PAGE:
Home Cameras/Lenses Leica Leica Q2 “Dawn” by Seal limited edition

Leica Q2 “Dawn” by Seal limited edition

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The latest special edition of the Leica Q2 is launched today. The Leica Q2 “Dawn” by Seal is limited to 500 cameras, every one of which is claimed to be unique because of the individual differences in the woven-fabric cover.

Identical mechanically and optically to the standard Q2, the new special is covered with an “iridescent traditional Kimono fabric” in black and gold. Manufactured by HOOSOO in Kyoto, the fabric shows scar-like structures when touched. The Leica logo on the front of the camera is in black.

The edition number and a discreet Seal signature are engraved under the display glass.

The package includes a rope strap with a leather sleeve bearing a handwritten line from the lyric of the British singer’s Kiss from a Rose. Also included is a scarf bearing the same lyric, manufactured by Rag ’n Bone of New York.

The Leica Q2 “Dawn” by Seal edition will cost £5,500 and is available from today.

Photo Copyright Ben Staley

To watch the Seal performance:

https://youtu.be/AMD2TwRvuoU

PRESS RELEASE


11 COMMENTS

  1. I wonder how much they pay whoever it is at Leica who has to dream up this and no doubts many more still to come daft ideas about how to coax ever more money from idiots?

    • Don, I used to feel the same. I still approach these special editions with tongue firmly in cheek, which I think comes out in the articles.. But I do accept that Leica has created a niche for this sort of commemorative camera. It is a way of generating more cash which, we like to think, funds development of cameras we actually want to buy and use. I never see these cameras as aimed at me. I suspect many of them go to wealthy punters, probably many thousands of miles from Wetzlar, who buy them for investment. The price of this new model, as with other recent examples, isn’t excessively High. It’s £5,500, which is about 10% above the standard model. Come to think of it, if you fancy a kimono on your Q, it’s probably not a bad deal.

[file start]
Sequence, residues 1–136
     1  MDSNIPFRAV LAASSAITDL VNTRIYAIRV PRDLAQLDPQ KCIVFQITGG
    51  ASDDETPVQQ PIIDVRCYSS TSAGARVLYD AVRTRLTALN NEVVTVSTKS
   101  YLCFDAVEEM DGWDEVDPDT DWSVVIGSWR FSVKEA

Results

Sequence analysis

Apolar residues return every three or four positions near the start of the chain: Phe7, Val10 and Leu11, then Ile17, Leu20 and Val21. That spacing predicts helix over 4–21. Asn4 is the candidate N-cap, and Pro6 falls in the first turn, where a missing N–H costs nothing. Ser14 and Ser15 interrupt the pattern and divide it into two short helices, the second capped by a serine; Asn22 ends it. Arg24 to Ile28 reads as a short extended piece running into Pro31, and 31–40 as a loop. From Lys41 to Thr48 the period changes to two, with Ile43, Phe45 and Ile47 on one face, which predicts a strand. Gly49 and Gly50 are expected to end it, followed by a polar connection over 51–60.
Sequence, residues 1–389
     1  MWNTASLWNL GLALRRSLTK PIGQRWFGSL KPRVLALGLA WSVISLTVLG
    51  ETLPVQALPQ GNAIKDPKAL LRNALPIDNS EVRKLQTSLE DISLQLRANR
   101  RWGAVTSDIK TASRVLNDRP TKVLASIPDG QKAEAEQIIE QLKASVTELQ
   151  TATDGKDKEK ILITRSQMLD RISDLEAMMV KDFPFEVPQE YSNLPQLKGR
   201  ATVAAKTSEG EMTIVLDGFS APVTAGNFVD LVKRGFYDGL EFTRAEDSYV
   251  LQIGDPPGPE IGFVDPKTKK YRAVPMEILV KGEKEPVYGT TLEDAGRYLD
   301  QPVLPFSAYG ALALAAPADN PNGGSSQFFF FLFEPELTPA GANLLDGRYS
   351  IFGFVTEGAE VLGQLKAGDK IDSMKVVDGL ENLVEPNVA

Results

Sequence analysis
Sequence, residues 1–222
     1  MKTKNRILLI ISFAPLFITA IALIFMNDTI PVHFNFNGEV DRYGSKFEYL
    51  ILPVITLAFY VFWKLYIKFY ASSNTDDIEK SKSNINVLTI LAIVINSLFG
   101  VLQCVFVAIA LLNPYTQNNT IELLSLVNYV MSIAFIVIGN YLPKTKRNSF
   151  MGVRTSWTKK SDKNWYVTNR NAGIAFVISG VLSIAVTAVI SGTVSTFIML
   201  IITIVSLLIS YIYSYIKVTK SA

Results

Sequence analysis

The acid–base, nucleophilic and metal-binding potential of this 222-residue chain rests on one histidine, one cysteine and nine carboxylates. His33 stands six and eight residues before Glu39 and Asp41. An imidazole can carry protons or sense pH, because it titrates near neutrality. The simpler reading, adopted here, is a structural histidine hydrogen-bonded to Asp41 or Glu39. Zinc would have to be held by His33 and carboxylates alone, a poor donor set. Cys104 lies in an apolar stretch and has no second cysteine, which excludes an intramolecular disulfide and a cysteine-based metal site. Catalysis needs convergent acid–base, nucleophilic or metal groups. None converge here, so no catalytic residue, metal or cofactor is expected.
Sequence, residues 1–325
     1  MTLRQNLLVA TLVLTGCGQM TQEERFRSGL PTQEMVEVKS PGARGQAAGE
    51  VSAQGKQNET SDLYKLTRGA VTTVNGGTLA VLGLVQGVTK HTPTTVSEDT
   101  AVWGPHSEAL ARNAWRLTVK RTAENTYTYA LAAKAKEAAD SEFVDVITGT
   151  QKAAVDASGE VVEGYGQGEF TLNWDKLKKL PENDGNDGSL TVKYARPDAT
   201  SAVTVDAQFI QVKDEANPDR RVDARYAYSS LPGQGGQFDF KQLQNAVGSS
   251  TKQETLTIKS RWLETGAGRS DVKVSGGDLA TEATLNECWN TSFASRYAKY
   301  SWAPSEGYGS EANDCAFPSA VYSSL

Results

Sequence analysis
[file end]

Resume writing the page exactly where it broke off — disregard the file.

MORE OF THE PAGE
However, and this is an important caveat, too much of this oddball marketing and the marque begins to turn into a sort of fashion brand. Too much, too far, and serious photographers might start to think twice about climbing aboard.

    • Not at all, Don. I also feel that Leica would be somehow “purer” without these often rather silly special editions. But I am probably out of touch (quite often I have never even heard of some of these people who get a special design camera, but I have to take the view that maybe others take a different view. What is a problem is the danger that some of these new cameras could lead to ridicule and have the exact opposite effect to what had been intended. But then, that’s just me.

      • They want to try to be cool and closer to younger people putting a used rag on the front, or a variety of things of the kind. Why don’t they definitely design an original and affordable camera for everyone? That would be better than a CL2

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